¶7 A PCR petition may be filed at any time within one year of the date that the conviction becomes final. Section 46-21-102(1), MCA. A conviction becomes final for purposes of PCR when the time for appeal to this Court expires. Section 46-21-102(1)(a), MCA.
¶8 Burnett argues that this Court should consider the IAC claims contained in his Motion. Burnett also argues that the District Court judge should have recused himself because he granted the State leave to file the Information charging him with failure to register as a sexual offender.1 The State responds that whether Burnett is seeking to withdraw his original guilty plea, or seeking PCR based upon IAC during his revocation proceeding, Burnett’s claim is time barred. We agree.
¶9 The District Court entered its written judgment on Burnett’s conviction on April 29, 2015. The District Court’s judgment thus became final on June 28, 2015, when Burnett’s time to file a direct appeal on his conviction expired. See M. R. App. P. 4(5)(b)(i); § 46-16-105(2)(a), MCA. The District Court entered its written judgment on Burnett’s revoked sentence on June 16, 2016. The District Court’s judgment thus became final on August 15, 2016, when Burnett’s time to file a direct appeal on his revoked sentence expired. See M. R. App. P. 4(5)(b)(i); § 46-16-105(2)(a), MCA.
¶10 Burnett did not file his motion to withdraw his guilty plea until April 28, 2018— nearly two years after his time to withdraw his guilty plea expired on June 27, 2016. See § 46-16-105(2), MCA. Burnett fails to offer any substantial evidence that he was actually innocent to trigger the exception to the one-year time limitation on withdrawal of a guilty plea. See § 46-16-105(2), MCA; Montgomery, ¶¶ 17-18. Even if we construe Burnett’s Motion as a PCR petition, Burnett’s Motion is untimely because Burnett failed to file his motion prior to August 15, 2017. See § 46-21-102(1), MCA. The District Court did not err in denying Burnett’s Motion. See § 46-16-105(2), MCA; § 46-21-102(1), MCA; see also Warner, ¶ 9; Wilkes, ¶ 9.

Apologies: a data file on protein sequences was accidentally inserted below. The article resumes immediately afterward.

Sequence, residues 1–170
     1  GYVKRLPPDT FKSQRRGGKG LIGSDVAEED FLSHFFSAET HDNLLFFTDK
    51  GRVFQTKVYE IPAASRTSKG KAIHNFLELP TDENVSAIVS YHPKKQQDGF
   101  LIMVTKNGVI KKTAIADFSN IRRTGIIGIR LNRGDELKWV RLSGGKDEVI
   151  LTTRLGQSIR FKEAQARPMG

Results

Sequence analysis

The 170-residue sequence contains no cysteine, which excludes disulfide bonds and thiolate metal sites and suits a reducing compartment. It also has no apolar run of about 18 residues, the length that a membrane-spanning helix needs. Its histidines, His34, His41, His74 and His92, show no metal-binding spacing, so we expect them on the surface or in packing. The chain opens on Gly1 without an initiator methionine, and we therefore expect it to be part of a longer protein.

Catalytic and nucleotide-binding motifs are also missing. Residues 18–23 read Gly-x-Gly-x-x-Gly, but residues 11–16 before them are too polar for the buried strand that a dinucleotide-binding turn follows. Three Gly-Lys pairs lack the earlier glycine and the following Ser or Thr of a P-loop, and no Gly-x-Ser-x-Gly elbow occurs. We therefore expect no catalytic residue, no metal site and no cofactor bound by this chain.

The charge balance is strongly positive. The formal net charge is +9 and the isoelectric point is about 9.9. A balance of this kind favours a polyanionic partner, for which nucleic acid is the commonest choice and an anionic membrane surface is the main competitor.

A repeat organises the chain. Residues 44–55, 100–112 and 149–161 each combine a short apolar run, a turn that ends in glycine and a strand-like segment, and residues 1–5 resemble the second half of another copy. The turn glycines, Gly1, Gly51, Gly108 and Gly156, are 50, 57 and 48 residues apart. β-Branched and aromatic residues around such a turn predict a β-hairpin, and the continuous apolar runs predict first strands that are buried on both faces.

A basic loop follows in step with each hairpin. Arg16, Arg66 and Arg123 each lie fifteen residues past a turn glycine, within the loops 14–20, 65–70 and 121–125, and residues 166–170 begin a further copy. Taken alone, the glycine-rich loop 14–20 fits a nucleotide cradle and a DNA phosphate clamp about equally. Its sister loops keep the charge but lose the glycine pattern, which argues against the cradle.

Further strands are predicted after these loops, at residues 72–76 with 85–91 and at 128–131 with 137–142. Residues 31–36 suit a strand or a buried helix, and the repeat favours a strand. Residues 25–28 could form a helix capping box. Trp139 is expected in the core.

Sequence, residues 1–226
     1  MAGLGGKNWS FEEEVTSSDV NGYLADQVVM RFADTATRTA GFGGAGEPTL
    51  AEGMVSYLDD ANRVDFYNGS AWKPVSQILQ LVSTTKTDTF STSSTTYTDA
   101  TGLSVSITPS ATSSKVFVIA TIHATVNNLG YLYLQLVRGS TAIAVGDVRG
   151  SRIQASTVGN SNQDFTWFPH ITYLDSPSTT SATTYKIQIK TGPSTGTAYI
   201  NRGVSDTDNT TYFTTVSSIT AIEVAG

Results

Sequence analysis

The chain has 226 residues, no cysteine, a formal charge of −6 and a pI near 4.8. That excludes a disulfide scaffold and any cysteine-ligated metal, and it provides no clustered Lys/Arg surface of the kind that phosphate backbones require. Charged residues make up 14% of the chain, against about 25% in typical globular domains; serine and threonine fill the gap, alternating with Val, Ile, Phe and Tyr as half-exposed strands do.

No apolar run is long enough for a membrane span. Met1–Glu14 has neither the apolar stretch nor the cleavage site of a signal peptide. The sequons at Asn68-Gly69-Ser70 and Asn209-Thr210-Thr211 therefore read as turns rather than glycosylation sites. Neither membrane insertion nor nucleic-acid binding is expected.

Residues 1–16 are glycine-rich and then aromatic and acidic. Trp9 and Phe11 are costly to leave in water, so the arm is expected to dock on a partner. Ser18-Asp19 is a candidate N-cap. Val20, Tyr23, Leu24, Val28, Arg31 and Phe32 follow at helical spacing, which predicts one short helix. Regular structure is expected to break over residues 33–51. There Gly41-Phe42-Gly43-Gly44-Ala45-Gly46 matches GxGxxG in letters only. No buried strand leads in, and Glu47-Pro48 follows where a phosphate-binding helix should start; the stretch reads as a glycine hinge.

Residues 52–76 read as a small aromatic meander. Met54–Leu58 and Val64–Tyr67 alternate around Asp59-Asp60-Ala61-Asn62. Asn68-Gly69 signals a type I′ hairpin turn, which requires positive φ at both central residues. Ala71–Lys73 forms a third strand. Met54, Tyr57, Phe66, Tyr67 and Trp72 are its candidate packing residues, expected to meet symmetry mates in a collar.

¶11 We have determined to decide this case pursuant to Section I, Paragraph 3(c) of our Internal Operating Rules, which provides for memorandum opinions. In the opinion of the Court, the case presents a question controlled by settled law or by the clear application of applicable standards of review. We affirm.
1. Burnett failed to raise this issue on direct appeal of his original conviction or raise it below in the present appeal. We will not review issues that reasonably could have been raised on direct appeal or were not preserved for appeal. Ellenburg v. Chase, 2004 MT 66, ¶¶ 14, 19, 320 Mont. 315, 87 P.3d 473 (citations omitted). Therefore, this issue is waived. See Ellenburg, ¶¶ 14, 19.
Justice James Jeremiah Shea delivered the Opinion of the Court.
We concur: MIKE McGRATH, C.J. LAURIE McKINNON, J. BETH BAKER, J. INGRID GUSTAFSON, J.